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    Doesn't seem likely to me. You described the noise as a ticking sound - I don't think motorboating makes that noise. Anyway, the problem may be caused by the power supply voltage being modulated. You could look at it with a 'scope if you have one. If not, the frequency might be low enough for you to be able to see something with a voltmeter. A digital meter might show it but an old-fashioned analogue meter will probably show it better.
     
  16. neevo

    neevo Well-Known Member

    Messages:
    696
    Location:
    Sydney, Australia
    Ticking isn't the best description in hindsight. It sounds like I low sound at a very consistent frequency. Like a little boat far away.

    Goes up and down with the volume on the amp. Also linked to the gain on the PCB (gain down, sound goes down). I can make the sound get quieter if I put my hands on the chassis. Sound completely goes away if I unplug turntable but then I get a big hum.
     
  17. neevo

    neevo Well-Known Member

    Messages:
    696
    Location:
    Sydney, Australia
    I finish my umbilical cord for the transformer today. Wrapped it in braided shrink wrap and annoyingly forgot to thread the earth wire through it, so I'll need to fix that up too:

    [​IMG]

    So essentially the preamp is complete mechanically. All that is left to do is drop in the tube extensions when they turn up and thread the lid for the tube guards (waiting on some bolts).

    Pretty happy with the end result and it's been a fun project.

    On to the sound issues I'm having. Well I have a development there too. I have some new speakers that I'm getting set up and today I was giving them a go when I noticed the same sound through the speakers. Odd as I didn't have the preamp installed. So here's what I'm assuming:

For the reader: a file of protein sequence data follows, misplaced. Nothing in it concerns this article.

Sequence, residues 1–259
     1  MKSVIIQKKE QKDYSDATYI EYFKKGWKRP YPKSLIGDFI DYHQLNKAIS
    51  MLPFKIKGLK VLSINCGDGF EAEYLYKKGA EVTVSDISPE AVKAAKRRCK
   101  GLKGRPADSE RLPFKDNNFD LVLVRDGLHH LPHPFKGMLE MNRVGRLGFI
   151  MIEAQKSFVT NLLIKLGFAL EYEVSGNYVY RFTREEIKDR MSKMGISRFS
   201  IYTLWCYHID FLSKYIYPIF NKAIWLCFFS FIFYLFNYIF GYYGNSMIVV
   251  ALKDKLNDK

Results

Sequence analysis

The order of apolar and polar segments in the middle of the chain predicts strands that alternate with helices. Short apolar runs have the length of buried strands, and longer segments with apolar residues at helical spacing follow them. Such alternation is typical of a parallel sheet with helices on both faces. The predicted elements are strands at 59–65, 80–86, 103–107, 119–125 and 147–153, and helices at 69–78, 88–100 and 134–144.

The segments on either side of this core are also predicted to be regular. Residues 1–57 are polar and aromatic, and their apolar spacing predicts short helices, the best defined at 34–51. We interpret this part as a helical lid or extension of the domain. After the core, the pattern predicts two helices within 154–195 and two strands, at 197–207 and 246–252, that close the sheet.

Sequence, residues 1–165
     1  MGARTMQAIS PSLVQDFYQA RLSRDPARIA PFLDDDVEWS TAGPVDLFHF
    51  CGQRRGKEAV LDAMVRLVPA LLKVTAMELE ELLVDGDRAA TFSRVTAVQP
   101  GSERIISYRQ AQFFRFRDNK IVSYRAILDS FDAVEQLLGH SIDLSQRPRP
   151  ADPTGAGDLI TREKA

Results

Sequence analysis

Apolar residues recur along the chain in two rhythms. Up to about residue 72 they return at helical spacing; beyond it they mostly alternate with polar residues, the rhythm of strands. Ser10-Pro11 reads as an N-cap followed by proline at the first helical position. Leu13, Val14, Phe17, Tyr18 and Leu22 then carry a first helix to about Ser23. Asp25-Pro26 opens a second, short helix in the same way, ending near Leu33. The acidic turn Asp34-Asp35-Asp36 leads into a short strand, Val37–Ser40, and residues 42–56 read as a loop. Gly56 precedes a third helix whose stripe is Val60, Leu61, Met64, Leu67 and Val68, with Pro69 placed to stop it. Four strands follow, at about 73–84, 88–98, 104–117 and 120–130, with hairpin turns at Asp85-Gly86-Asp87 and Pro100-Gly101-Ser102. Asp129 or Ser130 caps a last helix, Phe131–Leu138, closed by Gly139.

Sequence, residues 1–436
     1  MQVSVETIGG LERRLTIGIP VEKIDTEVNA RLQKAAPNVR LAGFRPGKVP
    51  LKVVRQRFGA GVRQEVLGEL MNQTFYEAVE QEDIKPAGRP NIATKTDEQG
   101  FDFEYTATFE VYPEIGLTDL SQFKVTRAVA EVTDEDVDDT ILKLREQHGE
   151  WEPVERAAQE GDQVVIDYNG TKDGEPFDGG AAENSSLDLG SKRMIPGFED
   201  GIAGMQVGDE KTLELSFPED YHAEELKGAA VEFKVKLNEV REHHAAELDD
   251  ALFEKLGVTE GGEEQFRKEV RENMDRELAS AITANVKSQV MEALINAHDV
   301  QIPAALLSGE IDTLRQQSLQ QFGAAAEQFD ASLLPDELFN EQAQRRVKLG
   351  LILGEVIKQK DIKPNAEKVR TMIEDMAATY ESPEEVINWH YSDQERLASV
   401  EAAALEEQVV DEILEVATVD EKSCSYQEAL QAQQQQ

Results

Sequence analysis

1. The previous test where I disconnected the TT from the preamp made the sound go away, but I got hum, so it would appear the sound is originating from the TT
    2. The sound appears to be worse with the preamp installed which I assume is because it's adding gain to the signal (I have to run less volume with the preamp installed for the same SPL)

    So I'm on the hunt for working out how to solve the sound from the TT now.
     
    Last edited: Nov 20, 2016
  18. neevo

    neevo Well-Known Member

    Messages:
    696
    Location:
    Sydney, Australia
    I redid my interconnects too this evening. Changing out the ends for something more aesthetic:

    [​IMG]

    I also noticed on the cable that it has a direction indicated. Didn't know cable was directional!

    Either way I thought I would completely strip the system down tonight and see if I could isolate where the noise was coming from.

    Well good news and bad.

    Good news: I found where the sound was coming from. I turns out my EOP on the circuit is causing the "motorboating" sound. Fixed temporarily by shifting power points.

    Bad news: background hum is there. Not too bad that I can't live with it, however on quiet passages on when a record has finished I can hear it and so would love to get the noise floor lower still (wouldn't be surprised if it was still the interconnects).

    Something to work on.

    Noise or not, I'm loving listening to records through the preamp again, it does wonders for vinyl and my new speakers are sounding better and better each day :)